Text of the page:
Social responsiveness varies within each of these highly penetrant disorders. Some individuals affected with each of these dominant disorders show typical levels of social responsiveness, while others show a social profile indistinguishable from idiopathic ASDs. The distribution of autism traits, as measured by the SRS, appears to be normal with a shifted mean for CFC and CS. For NF1 and NS, the distributions appear to have an increased variance but are not strictly bimodal. This could reflect underlying RASopathy mutational (and thus biochemical) heterogeneity, or could be influenced by other factors. Notably, the CS subjects had the lowest variance in SRS scores when compared to other RASopathies, and they also have the most homogeneity in primary CS mutation, with two neighbouring amino acid substitutions affecting the same protein accounting for nearly all known mutations (over 75% of subjects). An important future direction will be to assess whether specific mutation-phenotype relationships can explain any of the within-disorder variance.
Interestingly, although RASopathies affect males and females equally, autism traits in RASopathy probands (but not unaffected siblings) were more evident in males. This, along with possible sibling correlation (below), may suggest that a RASopathy mutation is strongly sensitising, but autism traits are otherwise determined similarly to the general population where males show much higher prevalence of autism compared with females.
Subjects with NF1 and CFC (and more modestly, CS) showed correlation in social responsiveness with RASopathy-unaffected siblings at a level consistent with the general population, although these correlations were not highly significant and could be influenced by outliers. Correlation could suggest that apart from a main effect of the RASopathy mutation, background genetic variation may be important in variability within disorder. An alternative explanation is that the parent raters who scored both siblings show a similar bias in evaluating both children, although the difference between mean scores in affected and unaffected siblings was highly significant. Previous research in autism families shows that, in fact, the opposite is often true, that parents show a contrast bias in differentiating their children which could minimise sibling correlation.72
However, we do not see evidence for sibling correlation in NS when all probands are included, driven by the probands scoring above average for their RASopathy group. This, in conjunction with lack of sex-bias, potentially indicates a truly epistatic mechanism determining severe social cognitive impairment within NS and generating bimodality. An alternative explanation is that the clinical syndrome in this case is not the appropriate classification if different genetic mechanisms (eg, upstream vs downstream mutations) have vastly different main effects that we have not accounted for since we lack mutation information on a large proportion of our sample.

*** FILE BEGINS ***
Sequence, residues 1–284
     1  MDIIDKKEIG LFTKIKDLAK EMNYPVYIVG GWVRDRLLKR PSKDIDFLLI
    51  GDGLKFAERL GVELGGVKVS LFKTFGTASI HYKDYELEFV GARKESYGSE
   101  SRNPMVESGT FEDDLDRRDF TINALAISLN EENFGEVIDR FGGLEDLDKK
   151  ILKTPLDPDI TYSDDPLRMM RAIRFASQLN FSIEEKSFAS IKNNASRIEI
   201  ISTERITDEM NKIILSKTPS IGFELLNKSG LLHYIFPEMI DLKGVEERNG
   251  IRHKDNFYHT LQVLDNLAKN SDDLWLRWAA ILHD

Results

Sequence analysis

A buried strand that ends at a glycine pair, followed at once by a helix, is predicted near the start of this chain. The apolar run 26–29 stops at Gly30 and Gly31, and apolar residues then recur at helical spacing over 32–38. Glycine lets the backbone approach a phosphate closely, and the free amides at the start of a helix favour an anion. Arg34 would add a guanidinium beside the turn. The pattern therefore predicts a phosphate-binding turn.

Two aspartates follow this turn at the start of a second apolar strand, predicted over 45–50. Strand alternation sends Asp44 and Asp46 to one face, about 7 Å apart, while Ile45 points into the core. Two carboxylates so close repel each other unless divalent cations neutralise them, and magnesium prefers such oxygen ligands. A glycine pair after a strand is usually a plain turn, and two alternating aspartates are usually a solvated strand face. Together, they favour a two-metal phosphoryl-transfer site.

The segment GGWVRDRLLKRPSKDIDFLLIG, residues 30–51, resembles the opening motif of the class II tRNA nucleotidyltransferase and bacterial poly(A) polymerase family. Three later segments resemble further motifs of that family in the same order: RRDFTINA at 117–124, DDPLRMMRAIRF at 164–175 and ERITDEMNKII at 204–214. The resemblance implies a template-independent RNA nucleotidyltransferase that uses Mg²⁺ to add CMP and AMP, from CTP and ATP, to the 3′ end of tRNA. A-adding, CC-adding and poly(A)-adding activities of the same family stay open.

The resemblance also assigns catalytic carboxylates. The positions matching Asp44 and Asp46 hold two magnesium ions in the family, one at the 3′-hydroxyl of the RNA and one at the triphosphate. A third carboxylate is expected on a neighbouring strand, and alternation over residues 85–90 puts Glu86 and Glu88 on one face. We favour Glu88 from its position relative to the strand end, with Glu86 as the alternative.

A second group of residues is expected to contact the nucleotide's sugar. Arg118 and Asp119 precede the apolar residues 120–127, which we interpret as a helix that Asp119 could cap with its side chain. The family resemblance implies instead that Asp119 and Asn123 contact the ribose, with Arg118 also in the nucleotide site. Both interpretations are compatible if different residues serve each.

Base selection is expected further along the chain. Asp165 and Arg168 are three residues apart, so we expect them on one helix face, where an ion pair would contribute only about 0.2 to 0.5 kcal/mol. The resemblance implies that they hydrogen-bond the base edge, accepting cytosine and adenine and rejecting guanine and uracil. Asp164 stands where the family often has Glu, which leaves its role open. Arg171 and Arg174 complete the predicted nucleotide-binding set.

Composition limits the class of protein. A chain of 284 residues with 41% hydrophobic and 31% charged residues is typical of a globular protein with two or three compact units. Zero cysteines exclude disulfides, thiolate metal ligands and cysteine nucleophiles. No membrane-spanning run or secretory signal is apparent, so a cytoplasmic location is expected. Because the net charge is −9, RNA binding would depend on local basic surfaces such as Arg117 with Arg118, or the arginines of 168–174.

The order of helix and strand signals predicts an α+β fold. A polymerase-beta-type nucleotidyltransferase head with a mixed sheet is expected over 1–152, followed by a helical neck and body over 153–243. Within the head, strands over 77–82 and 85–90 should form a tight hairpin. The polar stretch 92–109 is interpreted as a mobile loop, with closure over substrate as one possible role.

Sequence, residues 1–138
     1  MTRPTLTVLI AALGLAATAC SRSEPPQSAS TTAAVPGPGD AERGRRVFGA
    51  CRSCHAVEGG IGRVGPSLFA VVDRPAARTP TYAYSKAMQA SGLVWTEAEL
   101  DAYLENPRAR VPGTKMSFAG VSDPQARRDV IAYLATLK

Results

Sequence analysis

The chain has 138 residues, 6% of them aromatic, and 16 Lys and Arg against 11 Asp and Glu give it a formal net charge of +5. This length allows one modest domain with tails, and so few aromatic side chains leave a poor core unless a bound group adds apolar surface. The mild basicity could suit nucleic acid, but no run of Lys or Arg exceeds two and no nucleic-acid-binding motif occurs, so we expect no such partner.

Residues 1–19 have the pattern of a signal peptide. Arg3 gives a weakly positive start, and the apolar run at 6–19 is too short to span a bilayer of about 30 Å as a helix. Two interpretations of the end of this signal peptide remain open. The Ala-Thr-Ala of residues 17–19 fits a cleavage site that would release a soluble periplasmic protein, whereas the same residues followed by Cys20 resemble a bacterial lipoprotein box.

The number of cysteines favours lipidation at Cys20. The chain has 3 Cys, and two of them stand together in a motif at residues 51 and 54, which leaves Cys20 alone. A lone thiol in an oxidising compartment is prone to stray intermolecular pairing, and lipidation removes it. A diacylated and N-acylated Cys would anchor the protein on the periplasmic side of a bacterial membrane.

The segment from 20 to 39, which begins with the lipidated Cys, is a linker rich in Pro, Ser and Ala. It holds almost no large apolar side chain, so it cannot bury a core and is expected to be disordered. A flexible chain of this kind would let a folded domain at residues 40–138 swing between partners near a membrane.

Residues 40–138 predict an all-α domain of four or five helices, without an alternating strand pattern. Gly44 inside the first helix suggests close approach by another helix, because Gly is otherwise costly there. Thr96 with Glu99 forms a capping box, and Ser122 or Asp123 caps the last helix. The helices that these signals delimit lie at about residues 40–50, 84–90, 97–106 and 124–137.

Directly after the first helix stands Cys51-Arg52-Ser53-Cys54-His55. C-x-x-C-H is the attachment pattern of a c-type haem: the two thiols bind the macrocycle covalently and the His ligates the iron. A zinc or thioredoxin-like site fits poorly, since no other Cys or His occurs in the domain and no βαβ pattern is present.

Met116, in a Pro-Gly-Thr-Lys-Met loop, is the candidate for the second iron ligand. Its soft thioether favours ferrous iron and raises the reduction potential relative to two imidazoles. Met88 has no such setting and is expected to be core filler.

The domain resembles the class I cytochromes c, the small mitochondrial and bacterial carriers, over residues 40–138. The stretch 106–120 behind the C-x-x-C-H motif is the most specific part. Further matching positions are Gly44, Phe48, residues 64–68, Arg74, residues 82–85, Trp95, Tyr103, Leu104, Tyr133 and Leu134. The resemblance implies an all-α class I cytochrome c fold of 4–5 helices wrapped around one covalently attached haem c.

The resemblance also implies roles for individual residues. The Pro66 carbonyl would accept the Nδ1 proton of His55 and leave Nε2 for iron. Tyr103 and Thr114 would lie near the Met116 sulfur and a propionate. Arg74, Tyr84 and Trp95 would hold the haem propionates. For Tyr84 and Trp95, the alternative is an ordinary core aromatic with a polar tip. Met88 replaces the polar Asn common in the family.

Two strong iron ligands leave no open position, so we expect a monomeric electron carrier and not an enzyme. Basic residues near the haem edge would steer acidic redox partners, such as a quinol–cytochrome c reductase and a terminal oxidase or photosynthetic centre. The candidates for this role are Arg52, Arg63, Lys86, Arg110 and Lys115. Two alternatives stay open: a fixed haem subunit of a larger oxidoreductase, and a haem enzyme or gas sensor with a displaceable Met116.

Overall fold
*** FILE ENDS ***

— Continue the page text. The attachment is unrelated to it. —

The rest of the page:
Upon clinical evaluation, four out of six subjects with high scores on parent questionnaires scored in the ASD range on the gold standard autism diagnostic observation, although clinical impression was not always of ‘typical’ autism. By contrast, we found the larger population of RASopathy subjects and idiopathic ASD subjects who scored above threshold on the SCQ showed indistinguishable subscale profiles on the SRS by PCA, suggesting that the high RASopathy scores were not driven by unequal domains of impairment or other factors, such as cognitive or attentional impairment. This analysis also suggested that there is not significantly more symptom homogeneity in RASopathies compared with idiopathic heterogeneous ASDs. Future study including additional measurements characterising a developmental profile of change over time would be useful. We found in this small sample that SRS score in the ‘severe’ range and SCQ>15 were good predictors of gold-standard instrument in-person research criteria.
This systematic study offers empirical support that autism traits are associated with developmental Ras/MAPK pathway dysregulation. It suggests that individuals affected by RASopathies should be evaluated for social communication challenges and offered treatment in these areas. This is the first strong evidence that multiple members of a well-defined biochemical pathway can contribute to autism traits. Future studies could explore potential modifying or epistatic factors contributing to variation within the RASopathies and the role of Ras/MAPK activation in idiopathic ASDs.
We are grateful to Kim Taylor, Bryna Siegel, Lindsey Criswell, Jane Gitschier, Carol Mathews, Ophir Klein, and Anthony Wynshaw-Boris for helpful discussion, to Jae Eun Choi for her assistance in diagnostic testing, and to Keren Messing-Guy, Julie Lustig, and Allison Kiang for their help in subject recruitment and data entry. We also thank NF, Inc., Children's Tumor Foundation, Noonan Foundation, CFC International, Costello Syndrome Family Support Network, and Costello Kids for their contribution to our recruitment efforts.
Contributors BA: data acquisition, data analysis, manuscript drafting and revising. ILC: data acquisition, data analysis, manuscript drafting. FW: data acquisition, data analysis, data interpretation. GD: data analysis and interpretation. NE and TR: data acquisition. SR: data interpretation. EJM: data interpretation, revising for intellectual content. RLH and KAR: data acquisition, data interpretation, revising for intellectual content. CEB: data acquisition, revising for intellectual content. LAW: study conception and design, data acquisition, data analysis, data interpretation, manuscript drafting and revising, final approval of version published.
Funding The work was supported by the NIH New Innovator 1DP2OD007449 (LAW), SFARI Explorer #257754 (LAW), an IHG Exploratory Grant (LAW), a Staglin Family/IMHRO Assistant Professorship (LAW), NIMH R34 MH089299-01 (CEB) and the Carol Moss Spivak Foundation (CEB).
Competing interests LAW has received an honorarium from the Simons Foundation for the SFARIgene.org website, and the Simons Foundation has funded one of the research grants supporting part of this study.
Ethics approval UCSF Committee on Human Research.
Provenance and peer review Not commissioned; externally peer reviewed.